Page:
May 08, 2007

La Marseillaise

The presidential election led me to make some comments about the French national anthem, "la Marseillaise". It has again (as well as the French flag) since some time been brought back to fashion and has actually been sung during the meetings of most of the involved political parties, right, centre or left. Since 2005 it is again compulsory to teach the song in French schools.
It was written in 1792 by Rouget de Lisle, who was more of an army officer than a composer and songwriter. It has been discussed if the music is really by him and in any case it has been rearranged by more professional musicians. It is even said that the first notes can be recognised in one of Mozart's piano concerts (KV 503), composed six years earlier.
Now to the lyrics which with our ears sound quite violent; this was of course a war and revolutionary song.
There are several verses, all equally violent, but let's just have a look on the chorus:
To arms, citizens!
Form your batallions!
Let us march! Let us march!
May tainted blood
water our fields!
There are different interpretations of the "tainted blood". The perhaps somewhat nicer version is to say that the "tainted blood" is to make the difference with the "pure (blue) blood" of the royalty and the nobility, so the "tainted blood" would be the blood of those who fight and resist, thus not referring to enemies, foreigners.
In any case, the wording is not quite in line with what we wish to hear today, but the song is such a symbol that the text can hardly be changed, although several tries have been made, including by Victor Hugo.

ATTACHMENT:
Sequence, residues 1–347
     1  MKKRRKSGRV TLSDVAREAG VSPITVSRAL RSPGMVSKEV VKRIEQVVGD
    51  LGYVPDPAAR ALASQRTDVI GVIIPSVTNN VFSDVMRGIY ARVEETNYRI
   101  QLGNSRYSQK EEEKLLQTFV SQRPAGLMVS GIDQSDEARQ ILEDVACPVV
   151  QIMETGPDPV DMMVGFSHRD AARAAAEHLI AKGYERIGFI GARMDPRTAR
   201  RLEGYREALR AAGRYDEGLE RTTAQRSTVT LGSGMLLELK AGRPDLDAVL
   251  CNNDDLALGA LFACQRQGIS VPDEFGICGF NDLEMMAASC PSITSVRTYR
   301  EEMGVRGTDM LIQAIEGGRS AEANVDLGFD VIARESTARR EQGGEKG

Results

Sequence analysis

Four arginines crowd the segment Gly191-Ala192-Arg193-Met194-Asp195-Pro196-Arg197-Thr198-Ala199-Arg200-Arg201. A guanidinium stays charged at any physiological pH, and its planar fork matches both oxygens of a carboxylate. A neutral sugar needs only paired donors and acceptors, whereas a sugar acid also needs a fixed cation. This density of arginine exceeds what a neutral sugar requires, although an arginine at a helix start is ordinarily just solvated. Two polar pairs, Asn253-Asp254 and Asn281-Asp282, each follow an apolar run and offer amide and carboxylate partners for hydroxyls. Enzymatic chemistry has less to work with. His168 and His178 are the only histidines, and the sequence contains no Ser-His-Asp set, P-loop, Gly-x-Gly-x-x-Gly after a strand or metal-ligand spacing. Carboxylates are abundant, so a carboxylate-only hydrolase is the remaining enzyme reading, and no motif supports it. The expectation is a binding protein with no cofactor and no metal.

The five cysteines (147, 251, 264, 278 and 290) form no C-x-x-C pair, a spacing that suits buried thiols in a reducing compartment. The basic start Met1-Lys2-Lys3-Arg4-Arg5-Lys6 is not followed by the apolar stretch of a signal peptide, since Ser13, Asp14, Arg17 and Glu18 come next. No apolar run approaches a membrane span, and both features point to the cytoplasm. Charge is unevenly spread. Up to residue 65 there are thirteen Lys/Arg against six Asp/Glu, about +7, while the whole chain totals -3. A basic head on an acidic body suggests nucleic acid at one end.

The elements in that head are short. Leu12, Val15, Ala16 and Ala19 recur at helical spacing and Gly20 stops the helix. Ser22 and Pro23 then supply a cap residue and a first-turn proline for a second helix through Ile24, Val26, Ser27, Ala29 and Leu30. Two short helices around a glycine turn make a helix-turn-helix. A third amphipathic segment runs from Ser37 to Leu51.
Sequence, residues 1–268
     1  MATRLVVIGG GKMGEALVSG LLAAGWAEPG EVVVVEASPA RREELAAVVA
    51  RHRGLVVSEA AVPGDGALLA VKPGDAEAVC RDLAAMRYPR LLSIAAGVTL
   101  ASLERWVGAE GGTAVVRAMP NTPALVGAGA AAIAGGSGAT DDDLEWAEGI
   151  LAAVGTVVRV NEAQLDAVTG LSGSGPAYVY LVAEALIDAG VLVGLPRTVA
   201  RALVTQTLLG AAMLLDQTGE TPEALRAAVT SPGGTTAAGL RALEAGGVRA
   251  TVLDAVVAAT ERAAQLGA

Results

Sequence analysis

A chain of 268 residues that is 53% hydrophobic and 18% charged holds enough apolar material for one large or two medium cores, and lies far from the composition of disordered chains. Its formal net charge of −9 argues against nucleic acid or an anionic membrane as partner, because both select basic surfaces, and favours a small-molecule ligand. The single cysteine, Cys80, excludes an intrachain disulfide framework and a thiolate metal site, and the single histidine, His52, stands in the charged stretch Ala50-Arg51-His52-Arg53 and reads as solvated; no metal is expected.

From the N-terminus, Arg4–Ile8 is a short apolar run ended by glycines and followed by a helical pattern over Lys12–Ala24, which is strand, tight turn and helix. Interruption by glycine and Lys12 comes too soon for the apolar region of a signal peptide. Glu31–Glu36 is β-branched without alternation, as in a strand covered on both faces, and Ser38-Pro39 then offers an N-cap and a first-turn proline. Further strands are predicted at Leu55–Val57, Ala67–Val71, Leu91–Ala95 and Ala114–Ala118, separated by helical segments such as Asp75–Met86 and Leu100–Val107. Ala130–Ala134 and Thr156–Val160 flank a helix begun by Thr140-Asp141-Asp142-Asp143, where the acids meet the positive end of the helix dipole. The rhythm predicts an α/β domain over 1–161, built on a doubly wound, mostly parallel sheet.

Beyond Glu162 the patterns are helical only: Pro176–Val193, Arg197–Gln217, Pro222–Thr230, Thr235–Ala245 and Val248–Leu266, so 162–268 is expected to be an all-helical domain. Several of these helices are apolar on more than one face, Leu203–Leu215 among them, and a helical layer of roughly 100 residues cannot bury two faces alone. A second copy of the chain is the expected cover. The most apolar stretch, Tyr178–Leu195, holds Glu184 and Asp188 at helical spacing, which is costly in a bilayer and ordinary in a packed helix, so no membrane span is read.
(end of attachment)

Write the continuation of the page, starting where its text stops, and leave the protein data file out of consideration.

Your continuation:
To finish, let's remember that the Beatles song "All we need is love" starts with "la Marseillaise".


Shionge said...

Yes, it is the same for us we were taught to sing our National Anthem when we were young too.

This is so interesting, thankyou.

Seda said...

This is really interesting. Thanks for information...
And thank you for your nice comments on my and your blog...I really enjoyed having a nice dialogue. Hope I wasn't misunderstood for sometimes I may sound passionate in writing.
Istanbul Photo

Olivier said...

voila un bon sujet. personnellement je ne comprends pas trop ce qui gene dans ce chant. c'est un chant historique, qui a porte la france à la revolution française, c'est un des moments les plus importans de l'histoire française, et ce chant en represente l'esprit. pourquoi vouloir le changer ?.
parcontre que chacun le revisite (comme hendrix avec l'hymne americain ou comme Oberkampf avec notre hymne) ça oui.

De toute façon, cela sert vraiment à quoi un hymne national ?

Nathalie said...

As a child I used to sing the Marseillaise without even thinking. Today I find it hard to get those words past my lips. too violent. Love the lyrics though!

hpy said...

Du gamla du fria du fjallhoga nord...

Nathalie said...

Now I have a message for seda, regarding the entry of Turkey in the EU. Sorry I missed the earlier exchange on that subject a couple of days ago.

I am ferociously European and strongly believe this is France's way forward. But if we want a true Europe to exist, we need to create between the people of all member countries a sense of brotherhood. They need to feel comfortable about their fellow Europeans.

Creating Europe means giving away some of your own specific national laws, habits, rules or benefits in the name of the greater good - while also benefiting in other ways.

It's a considerable achievement already that France now sees Germany as its best ally considering the hundreds of years of war between the two countries. And the same feeling of brotherhood now exists with Italy, Spain, Belgium and other close neighbours. When you think of it, it's been a fast paced process!

But it's far more fetched to feel the same towards Latvia, Lithuania, Estonia or Poland,for example, whose languages we don't learn at school, whose countries few of us have visited and know anything about. It's Terra incognita out there for most of us.

My own feeling is that the French are a bit scared that we've already bitten more than we can chew< I think this is the real meaning behind the NO to the referendum on Europe last year.

We were asked to AT THE SAME TIME